When we talk about trading, we often use the expressions “long” and “short” to classify two types of trades. It can be confusing to understand exactly what these terms mean, so in this article, I’m going to explain everything you ever wanted to know about what “long” and “short” trades mean. Everything you ever wanted to know about long and short trades but were afraid to ask… that’s the long and the short of it! No more jokes, I promise.
The simplest way to classify “long” and “short” trades is to say that in any trade, you are long of that from which you will profit if it rises in relative value, and short of that from which you will profit if it falls in relative value.
For example, let’s say that you buy a stock of ABC Inc. with U.S. dollars. It can now be said that you are “long” stock of ABC Inc. and “short” of U.S. dollars. This is because for you to profit, the value of the ABC Inc. stock must rise against U.S. dollars, or alternatively, the value of the U.S. dollar must fall against the stock of ABC Inc.
It should be pointed out that in a trade where you are short of a currency against some tangible asset, you would usually refer to that only as a “long” trade, and not say that you were “short” of the cash denomination. We will talk more about that later.
Another way to understand the difference between long and short trades is that if you make a trade where you want the price to rise in a chart, you are long of that instrument. If you want the price to fall in a chart, you are short of that instrument.
What, then, is a real “short” trade?
The Short Trade
From the time of the Bretton Woods Agreements shortly after the end of the Second World War until 1971, the value of the U.S. Dollar was defined as $35 per ounce of gold, and therefore effectively the “price” of the greenback was the same as the price of gold. Most major economic powers agreed to fix the value of their own currency to that of the greenback. In 1971 the U.S. began a series of devaluations of the greenback compared to the price of gold, before finally abandoning all linkage between the dollar and gold in 1976.
For this reason, there was very little Forex trading before the 1970s. Speculative traders instead focused on stocks and commodities. Traders could make money by buying stocks and commodities cheaply and selling them at a higher price. However, as traders wanted to find a way to profit when they thought that prices were about to fall, but didn’t already own any stocks or commodities to sell, the practice of going “short” arose. Traders would go short of stocks or commodities by borrowing the stocks or commodities in question, and then selling them, before buying them back later at a hopefully cheaper price. The stocks or commodities could then be returned to the loaner, and a profit taken from the difference between the original sale price and the buy-back price. It should be noted that short sellers would have to pay interest on any money borrowed initially that was required to purchase the stocks or commodities to be sold.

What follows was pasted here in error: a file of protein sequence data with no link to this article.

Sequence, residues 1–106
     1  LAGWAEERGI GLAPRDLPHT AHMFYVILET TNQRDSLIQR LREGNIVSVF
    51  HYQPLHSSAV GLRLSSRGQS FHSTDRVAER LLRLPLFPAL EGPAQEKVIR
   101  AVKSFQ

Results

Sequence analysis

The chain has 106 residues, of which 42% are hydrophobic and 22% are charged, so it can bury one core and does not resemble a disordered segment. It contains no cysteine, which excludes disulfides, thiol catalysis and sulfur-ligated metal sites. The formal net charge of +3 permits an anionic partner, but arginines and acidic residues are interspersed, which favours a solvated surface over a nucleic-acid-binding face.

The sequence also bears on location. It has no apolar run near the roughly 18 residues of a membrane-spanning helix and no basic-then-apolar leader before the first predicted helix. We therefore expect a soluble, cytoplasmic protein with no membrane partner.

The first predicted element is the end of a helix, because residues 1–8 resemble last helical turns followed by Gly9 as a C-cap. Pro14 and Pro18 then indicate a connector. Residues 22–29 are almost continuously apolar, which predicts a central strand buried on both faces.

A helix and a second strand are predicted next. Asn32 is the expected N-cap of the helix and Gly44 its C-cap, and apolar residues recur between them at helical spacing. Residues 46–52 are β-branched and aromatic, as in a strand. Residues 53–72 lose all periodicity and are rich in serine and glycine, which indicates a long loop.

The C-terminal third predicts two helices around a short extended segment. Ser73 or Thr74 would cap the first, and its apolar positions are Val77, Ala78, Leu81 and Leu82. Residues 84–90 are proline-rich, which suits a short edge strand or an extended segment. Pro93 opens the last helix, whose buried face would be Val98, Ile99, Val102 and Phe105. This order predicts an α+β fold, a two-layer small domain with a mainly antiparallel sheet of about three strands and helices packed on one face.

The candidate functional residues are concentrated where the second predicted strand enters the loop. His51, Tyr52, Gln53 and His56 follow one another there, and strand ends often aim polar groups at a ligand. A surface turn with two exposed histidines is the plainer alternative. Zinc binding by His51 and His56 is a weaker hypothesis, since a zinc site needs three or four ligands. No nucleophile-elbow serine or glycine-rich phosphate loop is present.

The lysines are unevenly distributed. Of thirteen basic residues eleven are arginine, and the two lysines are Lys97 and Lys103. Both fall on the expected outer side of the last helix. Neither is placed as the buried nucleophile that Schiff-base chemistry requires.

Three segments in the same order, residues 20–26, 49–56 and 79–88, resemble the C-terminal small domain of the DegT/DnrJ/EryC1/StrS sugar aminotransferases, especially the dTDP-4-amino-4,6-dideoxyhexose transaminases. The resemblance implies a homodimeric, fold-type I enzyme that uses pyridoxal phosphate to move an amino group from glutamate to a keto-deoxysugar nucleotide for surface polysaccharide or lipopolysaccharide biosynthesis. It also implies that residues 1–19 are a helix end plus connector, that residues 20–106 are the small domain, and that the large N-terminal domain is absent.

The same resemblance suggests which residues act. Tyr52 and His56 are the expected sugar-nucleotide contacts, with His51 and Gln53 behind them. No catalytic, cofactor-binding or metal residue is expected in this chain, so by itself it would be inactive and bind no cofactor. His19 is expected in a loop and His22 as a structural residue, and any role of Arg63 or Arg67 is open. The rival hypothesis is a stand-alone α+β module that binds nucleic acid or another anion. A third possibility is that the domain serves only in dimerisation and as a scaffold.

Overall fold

Therefore going short could be very different to going long. It should also be noted that stocks and commodities – but especially stocks – tend to have a “long bias”, meaning that their value is more likely to rise over time than fall. Falls in stock markets, or “bear markets” as they are often called, tend to be faster and more violent than rising markets (“bull markets”). This is arguably at least partly due to the fact that if you sell stocks that you have borrowed money to pay for, you are more likely to panic if the trade starts moving against you, than if you own stocks while the price is falling.
Long and Short Forex Trades
In Forex, things are different, because whether you are making “long” or “short” trades, you are always long of one currency and short of another. If you buy, or go long, EUR/USD for example, you are buying EUR with USD. You are long EUR and short USD. If you sell, or go short, EUR/USD, then you are long USD and short EUR. It is really all the same.
The only important factor regarding the long and short trades question in Forex is any interest you might need to pay to your Forex broker if you hold a position overnight, or alternatively receive from your broker. This is calculated by reference to the interest rates at which banks lend particular currencies to each other, at least in theory. Unfortunately, Forex brokers sometimes use this as a subtle way to make some extra money from their clients.
For example, let’s say you go long EUR/USD. You have, at least theoretically, bought EUR with USD. If the inter-bank interest rate for USD is higher than it is for EUR, your broker might be paying you some money each time you hold the position over the New York rollover time (i.e. daily). This is because you are getting interest on your USD greater than the interest they are getting on the EUR, and in theory, positions are “squared” at every New York rollover. On the other hand, if the interest rate on the currency you are long of is less than the rate for the currency you are short of, you will be charged some amount representing the difference every day that the position is kept open.
Short Stock Trades
It is worth remembering that if your broker offers trading in individual stocks, commodities, and/or stock indices, you can make short trades as well as long trades. This means you can potentially make just as much profit in a falling market as in a rising one, but when you are making short trades in stocks or commodities, be careful!